My psychology teacher in college decided one day to perform a little experiment. She gave some of her students juice that was purple in color. She asked them to taste the juice and tell her the flavor. Most of the students said it was grape flavored, but the flavor was actually lemon.

This is the power color has in the foods we eat. Many times, color is used to help boost or create the illusion of a taste that is already there or not. Stop and think about blue raspberry for a second. There is no such thing as a blue raspberry in wild Nature!

There appears to be a new trend in using color created from natural fruits and vegetables instead of synthetic colors produce in a lab.

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Companies that are moving towards more natural colors, “include Kraft, which announced in April that its classic macaroni and cheese will debut in 2016 without synthetic colors, and Panera Bread, which pledged to ditch artificial colorings and other additives by the end of 2016. General Mills is taking artificial colors and flavors out of its cereals by the end of 2016, and Nestle made the same announcement about its chocolate candy products, with a deadline at the end of this year.” (NPR)

The move towards more natural colors comes on the heels of a study and mounting evidence that implicates artificial colors as being linked to hyperactivity in children.

However, can we trust these “naturally made” colors.
What are they being made from and what is the process used?

Many companies make colors from natural sources. Three of these businesses are ColorMaker, Kalsec, and San Joaquin Valley Concentrates. They extract the many colors they produce from a variety of fruits and vegetables.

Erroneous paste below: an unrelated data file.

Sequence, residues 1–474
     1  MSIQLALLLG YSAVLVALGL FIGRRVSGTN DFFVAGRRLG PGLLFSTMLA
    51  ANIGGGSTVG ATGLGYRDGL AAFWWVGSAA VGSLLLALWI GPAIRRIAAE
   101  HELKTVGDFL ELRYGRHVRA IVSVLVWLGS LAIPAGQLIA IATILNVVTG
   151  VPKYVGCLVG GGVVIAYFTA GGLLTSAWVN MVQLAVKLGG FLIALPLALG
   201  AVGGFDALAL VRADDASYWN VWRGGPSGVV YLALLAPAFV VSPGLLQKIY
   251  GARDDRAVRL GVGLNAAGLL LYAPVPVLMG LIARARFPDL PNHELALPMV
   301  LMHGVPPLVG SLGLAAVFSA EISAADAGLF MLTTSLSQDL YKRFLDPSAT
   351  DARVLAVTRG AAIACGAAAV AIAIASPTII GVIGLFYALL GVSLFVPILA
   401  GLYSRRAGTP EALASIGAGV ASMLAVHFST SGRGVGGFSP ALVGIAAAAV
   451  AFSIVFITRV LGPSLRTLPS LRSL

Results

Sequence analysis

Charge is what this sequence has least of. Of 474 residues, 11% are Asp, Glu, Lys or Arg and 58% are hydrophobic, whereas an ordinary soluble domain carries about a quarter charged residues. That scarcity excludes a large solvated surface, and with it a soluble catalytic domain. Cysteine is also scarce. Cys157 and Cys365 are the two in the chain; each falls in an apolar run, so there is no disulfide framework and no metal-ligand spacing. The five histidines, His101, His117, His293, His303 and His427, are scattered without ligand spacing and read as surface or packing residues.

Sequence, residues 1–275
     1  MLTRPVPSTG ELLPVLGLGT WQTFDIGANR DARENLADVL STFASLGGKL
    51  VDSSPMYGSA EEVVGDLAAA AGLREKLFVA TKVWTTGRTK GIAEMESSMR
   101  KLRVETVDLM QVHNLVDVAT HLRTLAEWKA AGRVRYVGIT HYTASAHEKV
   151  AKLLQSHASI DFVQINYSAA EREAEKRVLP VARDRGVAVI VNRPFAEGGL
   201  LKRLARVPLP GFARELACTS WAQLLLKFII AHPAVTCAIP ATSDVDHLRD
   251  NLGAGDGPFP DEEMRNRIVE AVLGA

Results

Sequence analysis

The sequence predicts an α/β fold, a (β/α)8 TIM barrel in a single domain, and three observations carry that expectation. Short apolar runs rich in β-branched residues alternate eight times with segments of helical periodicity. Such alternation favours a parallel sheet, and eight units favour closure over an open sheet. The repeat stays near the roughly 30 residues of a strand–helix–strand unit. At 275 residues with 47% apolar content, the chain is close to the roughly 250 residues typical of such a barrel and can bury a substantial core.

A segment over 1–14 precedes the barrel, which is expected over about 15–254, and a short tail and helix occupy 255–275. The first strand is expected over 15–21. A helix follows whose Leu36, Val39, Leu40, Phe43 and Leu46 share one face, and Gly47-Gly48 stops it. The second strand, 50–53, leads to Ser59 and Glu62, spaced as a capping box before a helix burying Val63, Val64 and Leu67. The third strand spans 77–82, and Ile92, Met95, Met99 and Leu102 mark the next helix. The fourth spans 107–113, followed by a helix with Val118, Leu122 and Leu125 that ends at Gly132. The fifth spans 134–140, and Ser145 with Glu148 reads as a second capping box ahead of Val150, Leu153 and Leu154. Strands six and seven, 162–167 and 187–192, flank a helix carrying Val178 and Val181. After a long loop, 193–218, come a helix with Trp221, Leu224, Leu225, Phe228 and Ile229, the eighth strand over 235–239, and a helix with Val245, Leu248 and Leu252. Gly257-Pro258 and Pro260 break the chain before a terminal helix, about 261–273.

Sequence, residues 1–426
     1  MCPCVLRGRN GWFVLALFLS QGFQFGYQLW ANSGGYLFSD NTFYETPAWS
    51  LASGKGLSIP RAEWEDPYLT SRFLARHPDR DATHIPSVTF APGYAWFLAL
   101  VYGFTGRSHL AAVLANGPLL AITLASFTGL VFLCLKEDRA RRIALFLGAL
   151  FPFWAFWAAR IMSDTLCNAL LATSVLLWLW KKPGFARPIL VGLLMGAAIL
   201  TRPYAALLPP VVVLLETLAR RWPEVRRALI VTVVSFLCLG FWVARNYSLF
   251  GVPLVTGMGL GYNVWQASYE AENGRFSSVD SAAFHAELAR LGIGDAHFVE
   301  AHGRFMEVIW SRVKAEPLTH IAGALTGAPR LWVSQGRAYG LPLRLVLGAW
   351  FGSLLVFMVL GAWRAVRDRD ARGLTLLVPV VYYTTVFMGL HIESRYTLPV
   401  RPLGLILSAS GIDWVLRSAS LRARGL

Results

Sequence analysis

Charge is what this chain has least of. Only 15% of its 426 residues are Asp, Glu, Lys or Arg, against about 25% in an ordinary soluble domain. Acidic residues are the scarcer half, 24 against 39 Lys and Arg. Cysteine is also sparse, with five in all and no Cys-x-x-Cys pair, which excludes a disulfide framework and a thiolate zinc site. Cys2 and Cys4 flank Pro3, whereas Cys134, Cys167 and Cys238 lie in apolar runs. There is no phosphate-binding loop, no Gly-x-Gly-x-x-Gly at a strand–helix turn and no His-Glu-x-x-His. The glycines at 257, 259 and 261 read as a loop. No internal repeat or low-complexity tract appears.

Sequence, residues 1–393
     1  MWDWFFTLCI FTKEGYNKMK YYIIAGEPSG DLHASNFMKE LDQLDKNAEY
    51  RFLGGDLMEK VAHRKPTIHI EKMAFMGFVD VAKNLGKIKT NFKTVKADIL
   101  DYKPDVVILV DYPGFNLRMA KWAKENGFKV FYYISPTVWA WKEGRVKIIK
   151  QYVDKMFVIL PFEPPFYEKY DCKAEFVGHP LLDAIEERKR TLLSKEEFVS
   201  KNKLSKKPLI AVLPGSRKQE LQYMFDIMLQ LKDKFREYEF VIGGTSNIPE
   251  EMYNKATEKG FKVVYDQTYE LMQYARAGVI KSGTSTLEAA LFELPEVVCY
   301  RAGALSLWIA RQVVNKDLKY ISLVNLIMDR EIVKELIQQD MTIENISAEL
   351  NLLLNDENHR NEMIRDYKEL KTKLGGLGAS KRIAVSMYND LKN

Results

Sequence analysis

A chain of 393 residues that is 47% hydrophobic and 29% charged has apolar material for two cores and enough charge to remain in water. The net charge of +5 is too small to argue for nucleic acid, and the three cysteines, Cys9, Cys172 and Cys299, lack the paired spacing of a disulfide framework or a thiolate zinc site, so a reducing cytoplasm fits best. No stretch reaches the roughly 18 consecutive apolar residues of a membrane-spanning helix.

ColorMaker of Anaheim, California uses “grapes and beets from the U.S., red cabbage from China, purple carrots from Eastern Europe, turmeric from India and more.” (NPR) Their colors can be found in many different products including foods and cosmetics.

“ColorMaker works with natural color additives approved for use in food, cosmetic, and pharmaceutical products by the United States Food & Drug Administration (FDA). We are also familiar with other natural color additives used all over the world.” (ColorMaker)

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Kalsec is located in Kalamazoo, Michigan and has been making natural colors and flavors for 50 years. They are also the world’s largest extractors of carrots and work with farmers from all over the US to get the colors they need. “We have a certain variety and a certain seed mixture that works the best for us in terms of getting the best yield and the best color that we can,” says Gary Augustine, Kalsec’s executive director of market development. (NPR)

“San Joaquin Valley Concentrates (SJVC), a subsidiary of E. & J. Gallo Winery, creates natural shades of red, pink and purple from Rubired grapes, purple carrots and purple sweet potatoes in Fresno, Calif. The colors come in crystal and liquid forms. SJVC also sells anthocyanins — the blue, purple or red pigments – in those fruits and vegetables that give them their gorgeous red, pink and purple shades, according to Tracy Takeda, a product development technologist for the company.” (NPR) Anthocyanins are perhaps Nature’s antioxidants in vitro and strongly benefit the digestive system and nervous system — especially the brain and the eyes.

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These colors are being used everywhere, but how are they labeled? Anything that is not labeled as the traditional Red 40, Blue 1, Yellow 6, Red 40 Lake, Yellow 6 Lake and Yellow 5 Lake may be natural colors. They are typically labeled as colored added or “(annatto and carmine)” according to ColorMaker.

Here is more about the process of natural dyeing: